How do these transparent tools decode AI mysteries, revealing neural network decisions?

Enhancing transparency with deep neural networks and sparse oblique trees

How do these transparent tools decode AI mysteries, revealing neural network decisions?

Deep neural networks (DNNs) have become indispensable tools in artificial intelligence, revolutionising areas like computer vision, speech recognition, and autonomous driving. These networks boast remarkable accuracy in tasks such as image classification, yet their decision-making process remains mysterious. This lack of transparency raises concerns, particularly in critical domains like healthcare and finance.

The rise of DNNs has prompted discussions about their interpretability and vulnerability to adversarial attacks. Unlike traditional machine learning models like linear models, which offer insights into their decision-making processes, DNNs function as opaque black boxes, complicating efforts to understand their internal mechanisms. This opacity presents significant challenges, particularly concerning the potential consequences of incorrect predictions in sensitive contexts.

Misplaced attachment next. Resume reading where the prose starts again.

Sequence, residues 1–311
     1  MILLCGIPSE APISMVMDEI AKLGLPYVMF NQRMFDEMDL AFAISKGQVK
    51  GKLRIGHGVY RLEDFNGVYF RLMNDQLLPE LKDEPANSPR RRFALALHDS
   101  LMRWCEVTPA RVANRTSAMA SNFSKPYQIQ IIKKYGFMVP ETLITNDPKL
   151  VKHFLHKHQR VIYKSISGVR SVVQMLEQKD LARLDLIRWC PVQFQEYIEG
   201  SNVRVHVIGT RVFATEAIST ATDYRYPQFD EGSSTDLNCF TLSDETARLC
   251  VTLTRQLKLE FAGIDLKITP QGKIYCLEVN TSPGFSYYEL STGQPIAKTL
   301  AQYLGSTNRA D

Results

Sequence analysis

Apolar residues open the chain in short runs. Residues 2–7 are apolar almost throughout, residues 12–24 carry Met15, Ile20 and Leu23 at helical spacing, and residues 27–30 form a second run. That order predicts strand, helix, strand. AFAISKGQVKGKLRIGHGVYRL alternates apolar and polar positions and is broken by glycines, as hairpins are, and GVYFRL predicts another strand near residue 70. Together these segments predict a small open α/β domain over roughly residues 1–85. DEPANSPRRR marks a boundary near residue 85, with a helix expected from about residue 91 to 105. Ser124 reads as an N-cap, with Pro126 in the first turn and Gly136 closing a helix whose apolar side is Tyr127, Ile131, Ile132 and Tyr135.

A new study addresses these challenges by proposing a novel approach that employs sparse oblique decision trees to understand how DNNs arrive at decisions. These trees are applied to the inner layers of DNNs, mimicking the model’s classification function. This approach enables us to explore how the internally learned features of deep nets relate to the output classes. Additionally, analysing the tree allows us to adjust DNN outputs by inhibiting certain sets of neurons. The study aims to enhance the understanding and regulation of DNNs, promoting increased transparency and accountability in artificial intelligence systems.